This by first observation is a c. 1830 rosewood lap desk of exceptional richness with fine brass bindings and escutcheons.  The interior is classic with three hidden drawers, black leather surfaces, etc.  There is also a full length drawer that pulls out of one end.  But what is intriguing always is any inscription on the top inset brass panel:  This one has a Stag’s Head, at gaze, cabossed (in heraldry terms).  Inscriptions are:  God’s Providence Is Our Inheritance  and  “Ut Aspirat Cerves”, roughly “As A Stag Aspire”.  This is shown in the next photo.

Staveley Family Crest

Staveley Family Crest

For those who have used Fairbairn’s Crests you know it seldom leads to one definitive family only for a crest–sometimes fifteen or more share a crest.  In this instance, only the Stravely family has such a crest!  But much more exciting is what still resides inside the lap desk:  one letter, one note in a beautiful Spencerian hand, and a stamp to impress the family crest and a monogram into wax seals for letters, the monogram “TKS”.  The note is a set of instructions given with the desk, or so it appears, leading off:  “To releave the secret drawers etc etc”.  Very useful as the three small ones have an unusually tricky mechanism that would otherwise require hours to unravel!  And I love the word “releave” rather than release, as it is indeed of course pressure that is releaved or released by pressing a certain spot and the trap cover springs out.

The letter has an address:

Miss Stravely

Old Slenningford Hall

Ripon,    Yorks  (Yorkshire)

Here are the notes and the stamp:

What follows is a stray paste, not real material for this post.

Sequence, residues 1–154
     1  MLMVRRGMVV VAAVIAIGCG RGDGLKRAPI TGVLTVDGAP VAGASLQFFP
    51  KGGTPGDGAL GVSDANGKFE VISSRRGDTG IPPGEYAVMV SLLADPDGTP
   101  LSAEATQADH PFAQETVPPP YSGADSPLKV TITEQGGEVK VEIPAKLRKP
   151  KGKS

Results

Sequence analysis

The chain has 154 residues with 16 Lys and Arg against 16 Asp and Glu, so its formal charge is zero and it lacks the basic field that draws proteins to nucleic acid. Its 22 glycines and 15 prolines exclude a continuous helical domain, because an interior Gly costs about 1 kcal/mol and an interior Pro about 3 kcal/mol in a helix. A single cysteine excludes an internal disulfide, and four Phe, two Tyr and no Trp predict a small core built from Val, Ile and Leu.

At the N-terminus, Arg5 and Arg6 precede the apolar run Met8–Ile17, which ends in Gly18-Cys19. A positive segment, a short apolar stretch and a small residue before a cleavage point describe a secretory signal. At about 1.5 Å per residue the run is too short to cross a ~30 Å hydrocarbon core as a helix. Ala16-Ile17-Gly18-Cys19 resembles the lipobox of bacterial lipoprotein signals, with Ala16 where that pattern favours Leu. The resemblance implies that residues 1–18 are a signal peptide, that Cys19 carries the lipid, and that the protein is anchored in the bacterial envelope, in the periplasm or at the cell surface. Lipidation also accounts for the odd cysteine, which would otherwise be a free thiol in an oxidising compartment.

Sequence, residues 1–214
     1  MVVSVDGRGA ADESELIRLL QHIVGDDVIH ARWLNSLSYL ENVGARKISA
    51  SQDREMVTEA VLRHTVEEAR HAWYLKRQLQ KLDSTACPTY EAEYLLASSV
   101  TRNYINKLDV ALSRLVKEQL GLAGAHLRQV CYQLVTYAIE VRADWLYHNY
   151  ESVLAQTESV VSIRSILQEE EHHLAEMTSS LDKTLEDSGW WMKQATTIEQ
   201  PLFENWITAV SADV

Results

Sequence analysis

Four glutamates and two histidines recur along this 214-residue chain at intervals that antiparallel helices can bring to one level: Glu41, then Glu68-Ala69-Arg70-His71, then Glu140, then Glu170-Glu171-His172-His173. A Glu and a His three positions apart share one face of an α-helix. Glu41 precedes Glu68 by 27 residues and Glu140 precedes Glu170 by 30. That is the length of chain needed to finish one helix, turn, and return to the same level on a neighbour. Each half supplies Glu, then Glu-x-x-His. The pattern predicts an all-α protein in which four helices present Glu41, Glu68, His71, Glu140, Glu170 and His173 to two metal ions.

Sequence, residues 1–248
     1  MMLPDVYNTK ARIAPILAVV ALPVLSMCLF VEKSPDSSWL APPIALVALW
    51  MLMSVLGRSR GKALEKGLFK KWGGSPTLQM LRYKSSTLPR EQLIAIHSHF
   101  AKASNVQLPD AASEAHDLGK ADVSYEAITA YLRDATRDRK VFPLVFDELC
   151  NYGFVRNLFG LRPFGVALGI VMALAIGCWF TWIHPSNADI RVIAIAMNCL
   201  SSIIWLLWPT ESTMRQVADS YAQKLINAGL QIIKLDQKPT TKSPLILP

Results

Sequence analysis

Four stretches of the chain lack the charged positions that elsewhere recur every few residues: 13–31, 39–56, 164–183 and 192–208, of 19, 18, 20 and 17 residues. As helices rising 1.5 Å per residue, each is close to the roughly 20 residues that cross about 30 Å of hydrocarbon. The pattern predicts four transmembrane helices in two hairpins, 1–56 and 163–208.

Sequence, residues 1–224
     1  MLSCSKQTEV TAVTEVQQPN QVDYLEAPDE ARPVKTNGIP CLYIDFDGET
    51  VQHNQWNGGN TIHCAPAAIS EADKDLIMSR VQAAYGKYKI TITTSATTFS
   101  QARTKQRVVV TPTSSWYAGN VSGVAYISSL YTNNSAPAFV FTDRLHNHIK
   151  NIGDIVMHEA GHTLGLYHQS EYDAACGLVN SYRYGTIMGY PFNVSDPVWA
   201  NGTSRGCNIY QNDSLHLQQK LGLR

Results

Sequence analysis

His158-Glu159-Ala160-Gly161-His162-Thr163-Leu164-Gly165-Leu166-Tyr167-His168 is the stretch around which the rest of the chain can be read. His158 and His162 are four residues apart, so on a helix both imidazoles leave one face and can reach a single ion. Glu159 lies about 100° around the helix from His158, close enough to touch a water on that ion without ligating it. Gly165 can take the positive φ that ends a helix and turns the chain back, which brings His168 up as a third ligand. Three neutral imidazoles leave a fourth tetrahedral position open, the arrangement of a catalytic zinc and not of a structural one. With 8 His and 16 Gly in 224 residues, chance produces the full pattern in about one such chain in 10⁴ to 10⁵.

And here the blessings of the modern age come to the fore.  I began to research the family history of the Straveleys, of Old Slenningford Hall, and of Ripon, Yorkshire.  Looking for family history c. 1830 I discovered that Thomas Kitchingman Straveley, born in 1791, was the head of the family at this time–the initials under the family crest are his.  (The family held lands of modest value and a handsome Hall as their seat dating to the 1500′s, so not of the landed aristocracy, the family was a highly reputable Yorkshire family.  of immense importance to our mystery is that Thomas was elected to the First Reformed Parliament, December 11, 1832.

In many ways this was the most important political change in England since Magna Carta and The Glorious Revolution. It doubled the voters of England and gave power to the newly industrialized cities.  Here is a short history from Wickipedia:

The 1832 Reform Act was the most controversial of the electoral reform acts passed by the Parliament. The Act reapportioned Parliament in a way fairer to the cities of the old industrial north, which had experienced tremendous growth. The Act also did away with most of the “rotten” and “pocket” boroughs such as Old Sarum, which with only seven voters (all controlled by the local squire) was still sending two members to Parliament. This act not only re-apportioned representation in Parliament, thus making that body more accurately represent the citizens of the country, but also gave the power of voting to those lower in the social and economic scale, for the act extended the right to vote to any man owning a household worth £10, adding 217,000 voters to an electorate of 435,000. As many as one man in five (though by some estimates still only one in seven) now had the right to vote.

For many conservatives, this effect of the bill, which allowed the middle classes to share power with the upper classes, was revolutionary. Some historians argue that this transfer of power achieved in England what the French Revolution achieved eventually in France. The agitation preceding and following the first Reform Act (which Dickens observed at first hand as a shorthand Parliamentary reporter) made many people consider fundamental issues of society and politics.